The way I see it, the perfect Krabby Patty has two parts: The Bun & The Patty. Other condiments are whatever you like, of course. The customer is always right!

The Bun

This is  where I started my research for the perfect Krabby Patty. In photos, it looks as though it uses a standard sesame seed hamburger bun. But in all incarnations from the show and Nickelodeon, the Krabby Patty has a seaweed bun, such as in this photo floating around the Internet, supposedly downloaded from Nick. com:

Secret Recipe

I don’t know that a seaweed bun is absolutely necessary. This is for the media purist. I don’t think anyone is going to judge you for not being 100 percent completely authentic when serving Krabby Pattys and buying some sesame seed buns. This recipe does not have the golden brown look the Krabby Patty on the show has, as the seaweed gives it a green tint. So if you or your kids are more concerned with aesthetics, maybe a sesame bun is a better choice.

Making seaweed buns from scratch is not easy. There are no short cuts and prep time is roughly 2-2 1/2 hours. The bonus in making these rolls from scratch is not only the full Krabby Patty experience, but also the feeling of accomplishment that baking from scratch gives you. Professional bakers have life figured out. This is why people leave their jobs to open bakeries. I recommend giving it a try at least once! Now preheat your ovens to 375 degrees fahrenheit!

2 c Bread Flour
1/2 c Rice Flour
2 tbsp. Sugar
1 1/2 tsp. Yeast (Rapid Rise is OK)
Six Sheets of Seaweed
2 tbsp Melted Butter
1 1/2 c Warm Water

Step One: Crumble up the seaweed and add it to the water. Then let is sit until the mixture gets thick and pasty. Mix the flours, yeast and sugar in a large bowl. After the seaweed past is ready, add the wet (not the butter) to the dry and mix with your hand. It’s going to be very thick and difficult to work with, keep working and mixing. It’ll loosen up.

Step Two: Pour the dough onto a floured counter and knead for about 10-15 minutes. It should start to loosen up slightly. The slowly knead the butter in and work it until it becomes elastic. Place the dough in a bowl in a warm area and cover with a towel. Let it rise for 1 hour to 1 1/4 hour, until it’s twice its original size.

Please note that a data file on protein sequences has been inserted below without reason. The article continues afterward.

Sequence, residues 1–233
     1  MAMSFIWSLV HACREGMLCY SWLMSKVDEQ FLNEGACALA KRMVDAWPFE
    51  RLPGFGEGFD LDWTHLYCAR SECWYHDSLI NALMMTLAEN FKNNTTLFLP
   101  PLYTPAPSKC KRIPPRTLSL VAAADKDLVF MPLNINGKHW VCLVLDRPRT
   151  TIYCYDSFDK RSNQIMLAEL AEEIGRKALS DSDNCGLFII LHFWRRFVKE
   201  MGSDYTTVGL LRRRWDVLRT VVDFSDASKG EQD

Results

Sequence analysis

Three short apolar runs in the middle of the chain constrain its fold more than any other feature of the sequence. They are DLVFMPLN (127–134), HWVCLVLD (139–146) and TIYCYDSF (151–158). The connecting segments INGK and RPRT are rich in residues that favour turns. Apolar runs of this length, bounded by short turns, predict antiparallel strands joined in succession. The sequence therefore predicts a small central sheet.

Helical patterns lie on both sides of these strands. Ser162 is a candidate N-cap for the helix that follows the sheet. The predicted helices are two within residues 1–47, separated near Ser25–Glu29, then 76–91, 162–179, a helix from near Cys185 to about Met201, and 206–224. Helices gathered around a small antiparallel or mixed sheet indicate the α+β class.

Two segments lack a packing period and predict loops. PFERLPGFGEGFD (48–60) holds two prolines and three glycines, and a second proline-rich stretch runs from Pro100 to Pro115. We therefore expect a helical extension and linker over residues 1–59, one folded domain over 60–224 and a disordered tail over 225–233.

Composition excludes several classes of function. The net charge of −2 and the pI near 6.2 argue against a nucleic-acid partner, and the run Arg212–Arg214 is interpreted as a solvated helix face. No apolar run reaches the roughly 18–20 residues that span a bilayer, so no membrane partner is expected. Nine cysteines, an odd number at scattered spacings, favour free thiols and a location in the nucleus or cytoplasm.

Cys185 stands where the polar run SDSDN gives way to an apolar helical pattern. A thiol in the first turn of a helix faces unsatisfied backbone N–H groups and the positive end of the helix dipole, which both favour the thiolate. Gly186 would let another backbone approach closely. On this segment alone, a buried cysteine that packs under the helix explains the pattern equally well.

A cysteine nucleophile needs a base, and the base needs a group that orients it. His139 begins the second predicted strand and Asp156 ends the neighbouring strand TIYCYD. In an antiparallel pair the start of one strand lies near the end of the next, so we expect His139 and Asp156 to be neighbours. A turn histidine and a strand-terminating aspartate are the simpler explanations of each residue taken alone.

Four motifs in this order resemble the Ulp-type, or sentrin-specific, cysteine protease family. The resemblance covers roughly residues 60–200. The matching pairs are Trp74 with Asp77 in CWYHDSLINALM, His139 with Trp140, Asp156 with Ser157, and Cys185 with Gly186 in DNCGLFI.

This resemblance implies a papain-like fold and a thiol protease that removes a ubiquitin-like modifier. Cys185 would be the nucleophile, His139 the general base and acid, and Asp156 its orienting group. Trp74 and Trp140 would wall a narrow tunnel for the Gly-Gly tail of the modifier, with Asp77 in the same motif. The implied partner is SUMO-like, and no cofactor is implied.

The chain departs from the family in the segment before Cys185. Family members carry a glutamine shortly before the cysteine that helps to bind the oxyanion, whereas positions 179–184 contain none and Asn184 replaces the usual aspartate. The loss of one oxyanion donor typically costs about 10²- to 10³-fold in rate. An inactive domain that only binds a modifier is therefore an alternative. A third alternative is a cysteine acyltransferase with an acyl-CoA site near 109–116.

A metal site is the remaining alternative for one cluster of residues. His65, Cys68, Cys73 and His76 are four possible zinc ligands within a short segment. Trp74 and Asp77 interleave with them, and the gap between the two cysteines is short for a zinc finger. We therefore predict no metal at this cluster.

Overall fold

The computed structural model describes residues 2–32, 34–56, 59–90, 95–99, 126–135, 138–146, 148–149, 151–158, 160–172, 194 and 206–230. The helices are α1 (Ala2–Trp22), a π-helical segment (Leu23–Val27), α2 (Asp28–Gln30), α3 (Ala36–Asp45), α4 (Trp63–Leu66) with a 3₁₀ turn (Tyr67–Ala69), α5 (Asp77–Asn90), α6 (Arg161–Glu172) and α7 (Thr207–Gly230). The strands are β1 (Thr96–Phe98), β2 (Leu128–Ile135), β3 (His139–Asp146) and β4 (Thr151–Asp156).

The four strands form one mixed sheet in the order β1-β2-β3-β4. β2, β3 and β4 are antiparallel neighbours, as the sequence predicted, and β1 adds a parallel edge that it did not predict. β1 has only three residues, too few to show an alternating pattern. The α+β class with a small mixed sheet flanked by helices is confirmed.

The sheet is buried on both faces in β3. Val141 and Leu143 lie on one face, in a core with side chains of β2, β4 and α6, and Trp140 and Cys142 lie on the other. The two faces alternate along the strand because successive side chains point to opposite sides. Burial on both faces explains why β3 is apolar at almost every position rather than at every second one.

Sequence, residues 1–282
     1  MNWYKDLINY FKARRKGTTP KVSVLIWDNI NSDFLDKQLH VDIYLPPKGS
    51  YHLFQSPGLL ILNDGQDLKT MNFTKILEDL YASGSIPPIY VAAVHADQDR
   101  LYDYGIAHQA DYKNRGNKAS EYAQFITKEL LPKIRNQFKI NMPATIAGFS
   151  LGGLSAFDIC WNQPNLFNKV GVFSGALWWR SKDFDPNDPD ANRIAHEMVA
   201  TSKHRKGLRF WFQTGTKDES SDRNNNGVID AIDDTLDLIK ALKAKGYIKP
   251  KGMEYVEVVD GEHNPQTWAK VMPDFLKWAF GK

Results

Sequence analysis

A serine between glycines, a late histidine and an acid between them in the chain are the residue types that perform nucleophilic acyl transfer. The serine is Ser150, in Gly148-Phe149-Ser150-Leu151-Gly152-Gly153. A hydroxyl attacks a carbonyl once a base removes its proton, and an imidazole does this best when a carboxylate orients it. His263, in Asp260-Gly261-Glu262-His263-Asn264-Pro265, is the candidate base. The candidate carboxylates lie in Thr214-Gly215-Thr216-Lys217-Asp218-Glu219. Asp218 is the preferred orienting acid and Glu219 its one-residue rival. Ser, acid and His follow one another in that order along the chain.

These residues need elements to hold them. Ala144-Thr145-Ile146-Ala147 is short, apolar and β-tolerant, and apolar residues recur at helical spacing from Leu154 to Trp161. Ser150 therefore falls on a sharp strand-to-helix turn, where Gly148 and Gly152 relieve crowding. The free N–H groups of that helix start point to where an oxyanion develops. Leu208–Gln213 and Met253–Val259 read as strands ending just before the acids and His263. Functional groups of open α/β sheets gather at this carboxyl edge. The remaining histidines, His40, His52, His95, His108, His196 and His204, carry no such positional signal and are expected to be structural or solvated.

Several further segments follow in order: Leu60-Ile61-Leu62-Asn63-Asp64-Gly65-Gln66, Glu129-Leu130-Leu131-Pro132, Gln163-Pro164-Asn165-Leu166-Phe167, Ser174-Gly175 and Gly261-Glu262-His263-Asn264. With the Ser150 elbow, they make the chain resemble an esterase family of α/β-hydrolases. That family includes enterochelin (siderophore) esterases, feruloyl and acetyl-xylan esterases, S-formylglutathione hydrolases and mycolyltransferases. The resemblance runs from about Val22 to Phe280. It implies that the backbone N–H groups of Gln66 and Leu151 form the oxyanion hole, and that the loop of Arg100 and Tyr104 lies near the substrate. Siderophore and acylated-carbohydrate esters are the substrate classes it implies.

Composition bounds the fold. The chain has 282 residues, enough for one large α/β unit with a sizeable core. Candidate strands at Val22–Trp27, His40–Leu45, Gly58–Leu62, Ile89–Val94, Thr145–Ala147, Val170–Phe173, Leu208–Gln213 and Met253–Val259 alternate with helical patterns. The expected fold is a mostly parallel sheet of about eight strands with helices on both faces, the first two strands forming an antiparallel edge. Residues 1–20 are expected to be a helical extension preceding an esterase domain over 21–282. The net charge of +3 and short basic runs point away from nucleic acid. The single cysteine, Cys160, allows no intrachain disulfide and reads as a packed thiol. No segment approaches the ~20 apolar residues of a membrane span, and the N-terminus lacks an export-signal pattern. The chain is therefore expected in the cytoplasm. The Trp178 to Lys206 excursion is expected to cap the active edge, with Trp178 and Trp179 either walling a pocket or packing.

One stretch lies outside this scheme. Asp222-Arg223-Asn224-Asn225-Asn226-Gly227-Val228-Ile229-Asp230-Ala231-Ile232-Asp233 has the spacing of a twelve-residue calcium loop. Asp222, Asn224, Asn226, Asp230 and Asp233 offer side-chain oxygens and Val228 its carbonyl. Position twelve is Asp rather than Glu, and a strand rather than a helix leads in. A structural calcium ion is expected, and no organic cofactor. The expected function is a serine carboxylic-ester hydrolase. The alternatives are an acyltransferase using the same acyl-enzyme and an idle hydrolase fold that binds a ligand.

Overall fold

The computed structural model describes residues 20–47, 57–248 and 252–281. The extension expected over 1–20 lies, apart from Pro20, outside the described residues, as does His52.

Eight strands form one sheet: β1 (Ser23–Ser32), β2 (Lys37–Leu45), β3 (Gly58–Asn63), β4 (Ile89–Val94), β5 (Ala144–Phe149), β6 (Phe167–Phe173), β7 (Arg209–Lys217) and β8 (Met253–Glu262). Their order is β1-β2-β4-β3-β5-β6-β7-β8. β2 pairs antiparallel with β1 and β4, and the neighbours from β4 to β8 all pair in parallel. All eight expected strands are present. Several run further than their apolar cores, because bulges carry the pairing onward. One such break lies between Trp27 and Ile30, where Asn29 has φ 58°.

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Before rising, it will likely be a small, thick chunk.

Step Three: Pour the dough on the floured surface and deflate. Knead again for a few minutes until the dough is smooth and uniform. Cut into 6 pieces and form into balls.  Set the six pieces in the same warm area for another twenty minutes.

Step Four: Reform the balls one last time and put them in the oven. Put sesame seeds on top.

Bake them for 15-20 minutes then take them out. It smells slightly fishy (but in a delicious baked goods kind of way, so its still pleasant), but I promise it doesn’t taste that way. Let them cool, then cut them in half… you know, like a burger bun.

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The Patty

Advanced Patty Control Mechanisms at the ready! The most important and integral part of the Krabby Patty is the Patty itself. Like it says in the Krusty Krab Training Video, you cannot make the Krabby Patty without first understanding “POOP: People Order Our Patties.”

This is also the most complicated part, since no one really knows the entirety of the recipe. For example, we know it contains salt and turmeric. I wonder, is crab an ingredient or is it just named after Mr. Krab? And if they are crab, does Mr. Krab eat them? So many questions lead to other questions here.